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When a friend heard I was going to the California Democratic Party Convention in San Francisco, she asked if we had to walk through metal detectors. The mass murder in Virginia Beach that killed 12 people had just happened the night before, so I’d like to believe her concern was heightened by that recent trauma. But, I know it’s not.

Americans Dying for Change

Mass shootings in public places—in our schools, churches, theaters, newsrooms—now happen so often that the wariness is always alive. There’s a subtle queasiness. The sense of threat takes root as we’re taught run-hide-fight from a gunman and practice drills at work and school. Proximity in time no longer matters. Besides, there will be another in a few days.

I’ve been thinking about freedom, and those who loudly proclaim it, guns in hand. What do they mean by freedom? What are they defending in their anger? What are they afraid of losing? They say it’s their guns. Firearms are their protection. The National Rifle Association’s magazine is even called America’s 1st Freedom.

At the convention, U.S. Presidential candidate and South Bend, Indiana Mayor Pete Buttigieg said in his speech that we need to break the “Republican monopoly on the language of freedom.” He equated freedom with a woman’s right to choose instead of reproductive health being “dictated by male politicians.” There’s freedom through education—“which is why we need a Secretary of Education who believes in public education.” And there’s freedom through organizing—which is why we need organized labor. “Freedom isn’t conservative,” he said, “it’s American.”

We need to break the Republican monopoly on defining security, too, Buttigieg said. That means including cyber and election security and climate change disruptions. “It means naming and confronting a rising tide of violent white nationalism” and “insisting that we can respect the Second Amendment without allowing it to be a death sentence for thousands of Americans every year.”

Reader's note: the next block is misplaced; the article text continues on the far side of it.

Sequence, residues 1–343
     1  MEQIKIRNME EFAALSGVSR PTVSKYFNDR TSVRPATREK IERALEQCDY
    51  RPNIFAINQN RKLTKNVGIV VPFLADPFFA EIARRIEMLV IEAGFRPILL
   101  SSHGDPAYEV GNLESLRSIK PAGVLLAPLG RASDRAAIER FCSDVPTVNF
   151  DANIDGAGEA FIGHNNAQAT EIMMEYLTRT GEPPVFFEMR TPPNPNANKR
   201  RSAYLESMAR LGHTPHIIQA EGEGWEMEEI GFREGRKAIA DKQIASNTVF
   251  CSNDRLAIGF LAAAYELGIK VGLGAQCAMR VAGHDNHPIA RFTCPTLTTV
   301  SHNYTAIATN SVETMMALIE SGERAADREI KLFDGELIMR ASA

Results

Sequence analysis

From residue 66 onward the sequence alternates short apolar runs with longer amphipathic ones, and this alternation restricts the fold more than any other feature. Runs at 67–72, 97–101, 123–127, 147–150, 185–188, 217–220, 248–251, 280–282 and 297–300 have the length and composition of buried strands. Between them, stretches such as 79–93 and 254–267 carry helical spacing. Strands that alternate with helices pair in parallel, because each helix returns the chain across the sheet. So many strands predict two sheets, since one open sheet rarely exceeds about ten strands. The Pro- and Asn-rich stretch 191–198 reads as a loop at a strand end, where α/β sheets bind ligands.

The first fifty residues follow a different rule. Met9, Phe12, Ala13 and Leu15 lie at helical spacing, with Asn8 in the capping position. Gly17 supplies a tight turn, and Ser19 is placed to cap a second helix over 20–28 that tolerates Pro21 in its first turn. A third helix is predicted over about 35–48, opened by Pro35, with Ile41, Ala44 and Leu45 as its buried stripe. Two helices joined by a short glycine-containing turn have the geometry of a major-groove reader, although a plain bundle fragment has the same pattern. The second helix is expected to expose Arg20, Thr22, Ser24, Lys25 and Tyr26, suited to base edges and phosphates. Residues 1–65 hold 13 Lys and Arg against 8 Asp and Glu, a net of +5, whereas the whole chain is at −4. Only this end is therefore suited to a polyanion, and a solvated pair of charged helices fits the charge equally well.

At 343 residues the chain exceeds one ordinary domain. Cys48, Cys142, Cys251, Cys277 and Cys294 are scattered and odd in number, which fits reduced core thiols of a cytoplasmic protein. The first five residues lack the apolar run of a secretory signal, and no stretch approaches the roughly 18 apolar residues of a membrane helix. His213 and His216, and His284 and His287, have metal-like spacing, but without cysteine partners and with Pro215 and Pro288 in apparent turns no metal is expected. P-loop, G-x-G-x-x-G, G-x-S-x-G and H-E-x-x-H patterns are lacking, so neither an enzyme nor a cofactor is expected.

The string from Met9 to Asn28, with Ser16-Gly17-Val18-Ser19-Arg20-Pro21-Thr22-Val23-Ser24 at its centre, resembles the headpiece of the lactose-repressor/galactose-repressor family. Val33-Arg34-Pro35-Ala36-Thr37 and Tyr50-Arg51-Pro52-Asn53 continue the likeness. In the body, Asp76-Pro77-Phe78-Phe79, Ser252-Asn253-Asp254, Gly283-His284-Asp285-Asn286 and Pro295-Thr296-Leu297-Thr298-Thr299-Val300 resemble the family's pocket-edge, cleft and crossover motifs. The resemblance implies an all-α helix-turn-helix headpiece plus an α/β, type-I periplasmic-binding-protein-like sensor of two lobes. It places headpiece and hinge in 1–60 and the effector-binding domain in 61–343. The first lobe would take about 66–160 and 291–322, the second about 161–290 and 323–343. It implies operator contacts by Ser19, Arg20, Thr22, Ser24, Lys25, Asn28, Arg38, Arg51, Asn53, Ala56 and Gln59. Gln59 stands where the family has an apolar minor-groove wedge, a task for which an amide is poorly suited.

But freedom and security aren’t separate. We can’t be free if we’re not safe and secure.

We’re normalizing mass murder, New Jersey Senator and U.S. Presidential candidate Cory Booker said in his convention speech. Booker contrasted our nation’s response to horrendous unjust human pain in the past with our nation’s response now.

“There was a time in our country when people died and it rose the national conscience of our country to do things about the horrors. When four children died in a bombing in Birmingham, all Americans—black white from all backgrounds—changed civil rights legislation. When women were throwing themselves out windows trying to escape a fire in their Shirtwaist Factory, we responded as a nation and changed working conditions and workers' rights.”

Today, we’re seeing the normalization of mass murder in our country and we do nothing. ”It’s time we come together and stand together and take a fight to the NRA and the corporate gun lobby.”

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What do the U.S. President and Congress—the people with the power to legislate—do after each mass murder? You know the answer.